While our primary legislative goals for Autism Health Insurance Reform in Oregon have been achieved, we are continuing to work on legislation this year to assist with implementation and enforcement, and address related issues. Here are four bills that we have introduced into the legislature in 2017:
HB2858 Insurance Consumer Complaints and Enforcement Process:
Establishes transparent and efficient procedures to adjudicate consumer requests for restitution or enforcement of the insurance code, based on the BOLI Civil Rights Division process for adjudicating civil rights complaints.
As welcome as last week’s enforcement actions were, our experience has shown that the DoFR’s process for enforcing consumer complaints about insurance violations is very limited and has room for improvement.
Every other industry in Oregon is covered by the Unfair Trade Practices Act (UTPA), Oregon’s anti-fraud statute – but insurance is exempt. As a result, there is no private right of action in Oregon to sue an insurer for violating the insurance code or engaging in deceptive business practices – you can sue for breach of contract terms only. In recent years, there have been several attempts to amend the UTPA to apply it to insurance – and give consumers the right to sue insurance companies for fraud – but they have always failed narrowly, with arguments that consumers should go to the DoFR for help instead of suing on their own.
The problem is that while the DoFR’s consumer advocacy unit can be very helpful, actual enforcement is very rare. Worse, when insurers don’t agree to fix issues voluntarily, consumers are left in the lurch. Out of the 4,000 Consumer Complaints that the DoFR typically receives each year, there are only a few enforcement actions (in 2016, there were 5; in 2014 there were 4, and in 2015 none at all). In fact, the DoFR doesn’t normally pursue enforcement from an individual complaint – it will typically wait to see if other consumers have been impacted before taking any action. For a consumer with a rare or unusual problem, this means that actual enforcement is highly unlikely.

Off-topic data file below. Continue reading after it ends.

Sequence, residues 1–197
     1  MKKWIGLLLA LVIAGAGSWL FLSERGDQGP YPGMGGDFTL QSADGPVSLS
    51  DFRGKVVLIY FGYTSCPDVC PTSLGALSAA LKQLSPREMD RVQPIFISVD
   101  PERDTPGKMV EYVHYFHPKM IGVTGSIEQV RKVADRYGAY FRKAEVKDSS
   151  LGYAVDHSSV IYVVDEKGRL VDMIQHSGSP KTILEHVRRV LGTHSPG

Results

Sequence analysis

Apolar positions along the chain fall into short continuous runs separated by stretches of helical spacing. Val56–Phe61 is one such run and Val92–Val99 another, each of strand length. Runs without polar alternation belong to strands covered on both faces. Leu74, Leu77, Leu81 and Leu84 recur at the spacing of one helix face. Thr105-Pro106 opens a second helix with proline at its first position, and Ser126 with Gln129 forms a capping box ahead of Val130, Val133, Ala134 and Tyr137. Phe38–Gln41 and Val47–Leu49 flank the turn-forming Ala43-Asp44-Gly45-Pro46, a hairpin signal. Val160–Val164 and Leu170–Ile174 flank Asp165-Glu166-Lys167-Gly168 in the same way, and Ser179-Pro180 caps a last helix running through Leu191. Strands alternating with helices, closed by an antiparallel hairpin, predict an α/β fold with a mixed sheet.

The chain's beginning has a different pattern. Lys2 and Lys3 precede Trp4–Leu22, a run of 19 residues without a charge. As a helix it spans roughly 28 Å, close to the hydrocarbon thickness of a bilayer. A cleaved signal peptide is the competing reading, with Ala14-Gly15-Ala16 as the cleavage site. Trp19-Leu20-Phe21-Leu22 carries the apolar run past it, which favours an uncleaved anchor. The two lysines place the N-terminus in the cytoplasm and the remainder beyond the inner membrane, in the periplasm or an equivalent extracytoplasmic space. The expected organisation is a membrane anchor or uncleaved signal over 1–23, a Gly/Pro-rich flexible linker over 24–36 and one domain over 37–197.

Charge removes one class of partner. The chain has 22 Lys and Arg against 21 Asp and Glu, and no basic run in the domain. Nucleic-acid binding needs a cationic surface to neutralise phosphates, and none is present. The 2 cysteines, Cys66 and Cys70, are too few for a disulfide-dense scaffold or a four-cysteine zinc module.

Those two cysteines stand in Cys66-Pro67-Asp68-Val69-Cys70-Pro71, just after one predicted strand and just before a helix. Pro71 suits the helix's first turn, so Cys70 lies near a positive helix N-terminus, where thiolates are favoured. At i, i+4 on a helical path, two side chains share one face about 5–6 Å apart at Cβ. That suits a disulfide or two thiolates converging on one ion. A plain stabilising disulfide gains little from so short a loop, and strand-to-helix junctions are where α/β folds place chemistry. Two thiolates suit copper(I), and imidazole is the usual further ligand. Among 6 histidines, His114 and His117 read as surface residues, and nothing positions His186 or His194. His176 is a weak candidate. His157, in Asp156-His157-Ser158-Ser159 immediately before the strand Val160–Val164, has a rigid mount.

In 2013, we wrote and passed SB414, giving the Insurance Commissioner the authority to seek restitution on behalf of a consumer as a part of an enforcement action, to require an insurer to compensate the consumer for the actual damages that they suffered as a result of a violation. In the 3 years that it has been in effect, it has been used only once – last November.
I have seen many cases in which the DoFR has encouraged consumers to pursue litigation rather than waiting for enforcement – even though litigation is extraordinarily difficult and expensive.
HB2858 would enable consumers to do what the Legislature has consistently urged – work through the DoFR for enforcement of our rights under the Insurance Code. It would establish a specific process for DoFR to follow in response to a Consumer Complaint, based on the process that the Civil Rights Division uses to act on Civil Rights complaints. The DoFR would be encouraged to involve the consumer in settlement discussions and to seek consumer input on restitution. In the event that a consumer attempted to use the DoFR enforcement process, but wasn’t able to get a resolution within a year, then the consumer would gain a private right of action to sue on their own for violation of the Insurance Code (instead of just breach of contract).
SB917 CCO External Review:
Implements Federal regulations (42 CFR 438.402) on External Review of medical necessity determinations by CCO.
When a consumer with a commercial insurance plan is denied coverage on grounds that it is “not medically necessary” or is “experimental,” the consumer can appeal to “External Review” in which the State of Oregon (DoFR) appoints a qualified medical expert to review the case and make an independent, binding decision about whether the care really is necessary. With our autism cases, we have found this process to be extremely useful – it is fast and fair; free to consumers; and inexpensive for insurers.